Disclaimer: I have the Ioniq, less than one month old. I decided for the purchase right after the new Leaf was presented. Some of your posts influenced me. Recently, I did a 270km trip, from Lisbon to Algarve and back at 120km/h. My averages were around 15kWh/100km. On the return trip, in particular, the numbers on the on-board computer were confirmed by charging the car in public charger. The trip tooks 3h10′ with a 34′ stop. The average was 15,3kWh/100km, and the average including the charging process was 16,5kWh/100km. Details available.

    The economy of the Ioniq is real. We suspect that all things being equal, people will prefer the well-known Nissan Leaf, of course. It also has other attributes, such as remote control, and even more driving aids than the Ioniq.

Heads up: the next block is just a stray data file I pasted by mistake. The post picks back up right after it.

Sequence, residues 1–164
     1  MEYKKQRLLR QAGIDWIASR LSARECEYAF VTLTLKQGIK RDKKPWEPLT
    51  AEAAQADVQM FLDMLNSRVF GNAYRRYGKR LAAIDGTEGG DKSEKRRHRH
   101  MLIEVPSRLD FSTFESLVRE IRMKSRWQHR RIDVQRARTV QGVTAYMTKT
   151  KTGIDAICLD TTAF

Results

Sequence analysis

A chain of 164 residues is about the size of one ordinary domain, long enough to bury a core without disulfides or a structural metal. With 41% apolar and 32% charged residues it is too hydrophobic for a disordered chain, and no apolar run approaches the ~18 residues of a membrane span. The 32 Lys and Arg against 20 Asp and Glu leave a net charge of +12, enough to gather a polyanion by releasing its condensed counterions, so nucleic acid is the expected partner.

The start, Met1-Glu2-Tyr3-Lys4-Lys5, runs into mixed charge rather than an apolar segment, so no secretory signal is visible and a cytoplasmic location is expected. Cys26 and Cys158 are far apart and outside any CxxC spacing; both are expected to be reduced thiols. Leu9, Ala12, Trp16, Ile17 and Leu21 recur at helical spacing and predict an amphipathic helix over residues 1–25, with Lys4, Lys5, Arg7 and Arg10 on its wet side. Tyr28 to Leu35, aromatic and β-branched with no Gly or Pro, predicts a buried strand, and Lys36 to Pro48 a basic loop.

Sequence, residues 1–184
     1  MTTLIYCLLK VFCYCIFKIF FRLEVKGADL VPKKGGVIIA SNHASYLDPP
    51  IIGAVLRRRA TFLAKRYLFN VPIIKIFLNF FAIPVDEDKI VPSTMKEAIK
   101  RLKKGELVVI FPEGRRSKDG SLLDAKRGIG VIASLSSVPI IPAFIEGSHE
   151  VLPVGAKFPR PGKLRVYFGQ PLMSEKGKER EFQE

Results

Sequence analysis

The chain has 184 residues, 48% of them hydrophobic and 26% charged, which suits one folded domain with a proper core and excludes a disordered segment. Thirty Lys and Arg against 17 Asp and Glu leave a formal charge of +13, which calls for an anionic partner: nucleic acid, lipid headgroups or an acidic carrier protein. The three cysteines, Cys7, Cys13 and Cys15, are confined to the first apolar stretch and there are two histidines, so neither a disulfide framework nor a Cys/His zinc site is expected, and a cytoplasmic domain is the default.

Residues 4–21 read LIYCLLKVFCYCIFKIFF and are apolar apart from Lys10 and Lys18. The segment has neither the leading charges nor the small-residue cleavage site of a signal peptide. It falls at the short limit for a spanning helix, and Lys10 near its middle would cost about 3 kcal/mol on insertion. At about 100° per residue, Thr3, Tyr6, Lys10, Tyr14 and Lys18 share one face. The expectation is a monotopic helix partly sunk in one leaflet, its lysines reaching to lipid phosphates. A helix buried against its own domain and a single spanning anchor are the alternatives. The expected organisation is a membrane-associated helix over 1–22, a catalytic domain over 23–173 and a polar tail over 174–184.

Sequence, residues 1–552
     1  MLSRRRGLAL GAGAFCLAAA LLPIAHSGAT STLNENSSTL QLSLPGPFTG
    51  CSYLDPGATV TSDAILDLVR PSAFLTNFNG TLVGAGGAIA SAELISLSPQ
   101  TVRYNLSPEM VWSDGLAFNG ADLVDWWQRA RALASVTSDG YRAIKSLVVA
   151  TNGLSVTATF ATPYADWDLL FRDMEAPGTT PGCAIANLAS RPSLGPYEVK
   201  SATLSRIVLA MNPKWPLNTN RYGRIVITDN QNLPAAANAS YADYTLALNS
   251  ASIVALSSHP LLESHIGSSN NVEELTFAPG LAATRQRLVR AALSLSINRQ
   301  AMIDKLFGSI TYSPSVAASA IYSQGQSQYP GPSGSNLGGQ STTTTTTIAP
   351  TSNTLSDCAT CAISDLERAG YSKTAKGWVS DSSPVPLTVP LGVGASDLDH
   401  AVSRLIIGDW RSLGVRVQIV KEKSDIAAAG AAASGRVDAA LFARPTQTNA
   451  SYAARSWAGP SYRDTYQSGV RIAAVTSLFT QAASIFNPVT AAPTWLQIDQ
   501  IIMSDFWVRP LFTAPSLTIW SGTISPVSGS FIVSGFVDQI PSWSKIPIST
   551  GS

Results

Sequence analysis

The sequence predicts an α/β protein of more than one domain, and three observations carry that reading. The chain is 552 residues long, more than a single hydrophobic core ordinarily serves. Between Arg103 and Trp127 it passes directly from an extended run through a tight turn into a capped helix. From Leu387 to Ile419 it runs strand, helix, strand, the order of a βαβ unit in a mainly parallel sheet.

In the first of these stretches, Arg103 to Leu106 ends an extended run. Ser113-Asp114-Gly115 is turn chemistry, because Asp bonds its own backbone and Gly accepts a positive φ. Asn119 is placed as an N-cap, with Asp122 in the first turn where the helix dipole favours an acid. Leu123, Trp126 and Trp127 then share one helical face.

However, the economy of the Ioniq gives you: less charging time for equal distances (charges at 100kW and spends less), less heating on the battery, because of less charging time, and it is legitimate to expect that if something goes wrong the battery will be cheaper.

    You could say that if you have to reduce the speed a little on the Ioniq to achieve the range of the new Leaf, that the Ioniq will pass the new Leaf due to less time spent charging. You’ll have an overall much higher speed for travelling.

    The Ioniq will need the 48kWh, but to keep up to par with the 60kWh Leaf and the 55kWh Model 3. Until then, I can’t agree that it would have to sell for 25000€ if the new Leaf sells for 30000€. Brand is important, notoriety, etc, trust. But not so much!

    • EHE says:

      The Ioniq is very efficient. But keep in mind that the difference in air drag is linear. If you for instance compare the Ioniq with the e-golf (the one I drive myself) you will only have to reduce the speed from 120 km/h to 111 km/h to compensate for the higher air drag. And I think the new Leaf will have a cda very close to the e-golf.

      You also have to keep in mind that you can not charge very fast when SOC gets higher than 80%. And you can not expect more than 70kW peak. The Leaf can charge at 50kW and have a lot more capacity up to 80% SOC.